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Nigeria appeals for foreign agriculture investors

Nigeria has called on foreign investors to invest in its large agriculture sector, as it looks to reduce its reliance on imported foods and expand its exports beyond oil.

Nigeria has called on foreign investors to invest in its large agriculture sector, as it looks to reduce its reliance on imported foods and expand its exports beyond oil.

“In our efforts to achieve this goal, the commission will nurture and promote transformational projects put forward by investors – both locally and at international level,” Nigerian Investment Promotion Commission (NIPC) executive secretary Uju Baba said at an agriculture investment forum at the commission’s office in Abuja this month.

The dommission is prioritising investment into what it calls “import-substitution and export-diversification sectors” in order to help boost Nigeria’s capacity to produce food for its population of 173 million, and generate export revenues from outside the volatile oil industry. Agriculture is one of President Muhammadu Buhari’s key priorities since he swept to power in May.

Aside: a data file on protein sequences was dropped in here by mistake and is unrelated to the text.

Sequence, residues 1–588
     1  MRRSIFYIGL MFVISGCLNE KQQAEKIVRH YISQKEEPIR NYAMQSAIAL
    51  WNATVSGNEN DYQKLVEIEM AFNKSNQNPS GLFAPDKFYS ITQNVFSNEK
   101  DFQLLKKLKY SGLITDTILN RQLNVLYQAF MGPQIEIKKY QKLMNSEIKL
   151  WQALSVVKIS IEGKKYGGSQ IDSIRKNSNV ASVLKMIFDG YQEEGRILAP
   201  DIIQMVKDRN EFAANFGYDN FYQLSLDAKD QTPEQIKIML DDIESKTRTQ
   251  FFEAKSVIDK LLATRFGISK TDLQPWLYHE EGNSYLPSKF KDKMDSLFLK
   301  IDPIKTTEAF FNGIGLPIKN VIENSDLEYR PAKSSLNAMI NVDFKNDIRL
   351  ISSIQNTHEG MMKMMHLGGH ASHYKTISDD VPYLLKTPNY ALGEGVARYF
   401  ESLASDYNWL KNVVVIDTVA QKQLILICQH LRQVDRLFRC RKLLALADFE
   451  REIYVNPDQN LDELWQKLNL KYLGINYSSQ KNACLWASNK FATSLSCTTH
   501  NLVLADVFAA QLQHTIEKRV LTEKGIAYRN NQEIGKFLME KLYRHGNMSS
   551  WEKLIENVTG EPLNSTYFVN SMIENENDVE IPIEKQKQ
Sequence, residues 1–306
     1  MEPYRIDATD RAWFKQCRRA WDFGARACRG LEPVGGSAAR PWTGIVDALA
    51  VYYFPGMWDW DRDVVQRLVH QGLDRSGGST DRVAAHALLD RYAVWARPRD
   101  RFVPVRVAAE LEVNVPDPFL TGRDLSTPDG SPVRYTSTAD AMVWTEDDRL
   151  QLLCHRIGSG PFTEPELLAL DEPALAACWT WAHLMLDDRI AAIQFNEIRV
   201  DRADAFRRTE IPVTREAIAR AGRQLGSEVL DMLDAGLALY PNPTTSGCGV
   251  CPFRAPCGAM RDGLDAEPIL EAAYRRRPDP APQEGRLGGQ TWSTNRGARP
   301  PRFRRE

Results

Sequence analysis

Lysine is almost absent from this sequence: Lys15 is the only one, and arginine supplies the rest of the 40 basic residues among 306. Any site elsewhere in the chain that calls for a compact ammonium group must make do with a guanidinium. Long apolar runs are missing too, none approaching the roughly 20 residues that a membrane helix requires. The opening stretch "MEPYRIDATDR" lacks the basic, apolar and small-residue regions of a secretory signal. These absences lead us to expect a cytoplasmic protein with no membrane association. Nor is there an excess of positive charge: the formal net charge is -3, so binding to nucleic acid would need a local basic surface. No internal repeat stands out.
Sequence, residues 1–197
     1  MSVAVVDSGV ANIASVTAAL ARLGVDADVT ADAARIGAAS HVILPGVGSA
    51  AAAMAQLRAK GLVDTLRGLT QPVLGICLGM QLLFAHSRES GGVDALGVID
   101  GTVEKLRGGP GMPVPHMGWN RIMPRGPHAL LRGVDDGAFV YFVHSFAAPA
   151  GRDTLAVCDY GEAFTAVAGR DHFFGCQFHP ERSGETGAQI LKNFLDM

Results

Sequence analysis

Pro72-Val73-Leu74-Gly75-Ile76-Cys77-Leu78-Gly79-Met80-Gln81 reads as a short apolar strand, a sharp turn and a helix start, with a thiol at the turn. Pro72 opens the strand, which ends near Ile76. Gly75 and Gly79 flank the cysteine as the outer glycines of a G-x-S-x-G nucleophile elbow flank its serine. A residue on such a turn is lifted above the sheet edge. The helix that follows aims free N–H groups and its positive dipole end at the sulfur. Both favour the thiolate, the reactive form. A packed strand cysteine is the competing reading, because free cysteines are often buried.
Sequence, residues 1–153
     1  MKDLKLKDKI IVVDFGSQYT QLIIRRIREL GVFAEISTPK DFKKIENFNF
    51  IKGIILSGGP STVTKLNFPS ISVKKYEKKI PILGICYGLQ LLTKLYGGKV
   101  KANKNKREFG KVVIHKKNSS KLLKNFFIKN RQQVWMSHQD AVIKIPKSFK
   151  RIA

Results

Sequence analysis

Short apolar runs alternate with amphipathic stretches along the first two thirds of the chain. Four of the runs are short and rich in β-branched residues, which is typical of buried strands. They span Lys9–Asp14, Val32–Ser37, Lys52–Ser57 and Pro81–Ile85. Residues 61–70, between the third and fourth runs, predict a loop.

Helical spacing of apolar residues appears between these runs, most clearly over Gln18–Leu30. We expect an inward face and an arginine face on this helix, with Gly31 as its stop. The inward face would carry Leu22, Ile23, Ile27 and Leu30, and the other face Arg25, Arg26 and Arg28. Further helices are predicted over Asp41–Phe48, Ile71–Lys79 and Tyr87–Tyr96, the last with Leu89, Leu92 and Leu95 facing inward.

The agricultural sector accounts for over 41 percent of Nigeria’s GDP, and employs about 70 percent of the workforce, Baba said at the forum. “The NIPC is ready and willing to assist and collaborate with relevant stakeholders to actualise and achieve our dream of boosting non-oil exports and reduce imports,” she said.

Sonny Echono, permanent secretary at Nigeria’s Ministry for Agriculture and Rural Development, was recently reported as saying that international and local investors are planning to invest $4 billion into the agricultural sector, with France, Germany, Japan, the UK and the US having committed to invest some $500 million over the 2013-2016 period.

Despite the ambition, progress in the Nigerian agriculture sector has been slow. US group Cargill has been considering a $100 million investment in cassava processing that would make it the first private sector investor in the Kogi state farming heartland for over a year, but is still in discussions with the government and conducting feasibility studies.

Meanwhile, recent private equity investments have focused on Nigeria’s agricultural import needs rather than production. Tunisia-based AfricInvest earlier this year invested in commodities Elephant Group, one of the country’s largest rice importers and distributors.